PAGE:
Pastoring can be lonely.
As a pastor, I’m supposed to find my strength in Christ (and you have to know how helpful it is to be reminded as if those who are not pastors are not commanded to do likewise), and I do seek Christ as my ultimate strength. I teach the Bible regularly; however, the Bible says we are to “bear with one another.” God didn’t design us to do life alone. This goes for pastors also.
From my experience, those in ministry leadership are some of the loneliest people. I hear from them every day.
I was talking with a young pastor recently. He said, “Who is going to invest in me?”
I understand the sentiment. He is struggling for answers he can’t seem to find—practical answers. People are looking to him for leadership, and seminary didn’t teach him all he needs to know. I think every good leader asks that at same question—hopefully often.
Later in the week, I talked to an older pastor. He said, “I go home most days and haven’t heard a single positive word. Things are going great. We are growing faster than ever, but it seems I get far more of the negatives than I get to hear of the good we are doing.”
All I could do was agree. I’ve felt that way before many times.
When the weight of ministry responsibility appears to rest on your shoulders—when everyone looks to you for the answer—when some days you don’t know which direction to turn—when you are balancing the demands of ministry and family—when you are seen as a key in helping everyone with a problem hold their life together—yet you feel no one is concerned about your personal struggles—and you don’t know who to trust—
What do you do during those seasons of ministry?
You remember God’s words of encouragement.
Cast your cares upon the Lord because He cares for you.
Yes, this is the first answer.
Next, find a mentor. You find someone who is walking further down the road from you, but going in the direction you want to go. I’ve written extensively about this, but you can start HERE.
And then regularly:
Surround yourself with a few pastors at the same level you are organizationally. (If it’s a pastor, youth minister, etc.) It seems to work best if the churches are similar in size and structure. They’ll best understand.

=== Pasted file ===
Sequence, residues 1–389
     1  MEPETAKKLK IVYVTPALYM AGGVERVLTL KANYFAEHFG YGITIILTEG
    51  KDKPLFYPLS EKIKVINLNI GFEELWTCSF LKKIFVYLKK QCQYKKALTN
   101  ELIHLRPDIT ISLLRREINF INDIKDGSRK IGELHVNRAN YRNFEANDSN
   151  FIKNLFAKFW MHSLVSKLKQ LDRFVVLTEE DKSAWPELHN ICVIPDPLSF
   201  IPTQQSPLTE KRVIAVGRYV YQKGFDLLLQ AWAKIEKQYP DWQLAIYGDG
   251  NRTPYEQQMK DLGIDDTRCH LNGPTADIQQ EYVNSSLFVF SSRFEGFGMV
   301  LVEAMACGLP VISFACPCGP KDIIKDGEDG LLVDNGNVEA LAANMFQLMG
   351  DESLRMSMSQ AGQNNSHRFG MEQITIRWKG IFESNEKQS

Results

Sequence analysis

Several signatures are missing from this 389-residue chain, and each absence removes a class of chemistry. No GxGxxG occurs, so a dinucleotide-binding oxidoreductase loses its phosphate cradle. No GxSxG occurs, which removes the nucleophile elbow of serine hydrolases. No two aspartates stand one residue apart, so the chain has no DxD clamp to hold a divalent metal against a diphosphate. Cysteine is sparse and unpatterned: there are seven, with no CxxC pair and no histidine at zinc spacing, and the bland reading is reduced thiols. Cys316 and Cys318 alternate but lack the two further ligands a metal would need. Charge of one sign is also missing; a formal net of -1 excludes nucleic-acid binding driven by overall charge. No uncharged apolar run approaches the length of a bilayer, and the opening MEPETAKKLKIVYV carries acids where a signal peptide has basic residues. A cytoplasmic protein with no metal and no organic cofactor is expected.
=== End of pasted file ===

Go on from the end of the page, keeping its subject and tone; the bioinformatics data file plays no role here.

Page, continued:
Work to develop a close enough relationship with them, over time, where you can trust them. You may have to spend some of your free time and even travel to do this. Learn from each other, seek wisdom from more seasoned people together and grow together in the ministry.
Consistently share burdens, concerns and encouragements with each other. You can do this occasionally in person, but more frequently over the phone or online. Chances are they need this as much as you do, so be the one to take the initiative.
I hear what some pastors are thinking, because it has been said to me so many times. You often think those groups aren’t there for you. You’ve tried before and couldn’t find them.
To this I would say:
• Keep trying. It’s worth it.
• Treat this like any other friendship. It takes commitment and has to be a balance of give and take.
• Be willing to be vulnerable.
• Risk the rejection to extend an offer for friendship.
• Use social media, denominational leadership, recommendations from others to find these pastors—whatever if necessary. (This has been one of the greatest benefits of social media for me, by the way.)
Some of these relationships I have had to develop outside of my own city. I’ve found they are valuable enough to justify the time and financial investment required.
Please know I’m praying for you pastors.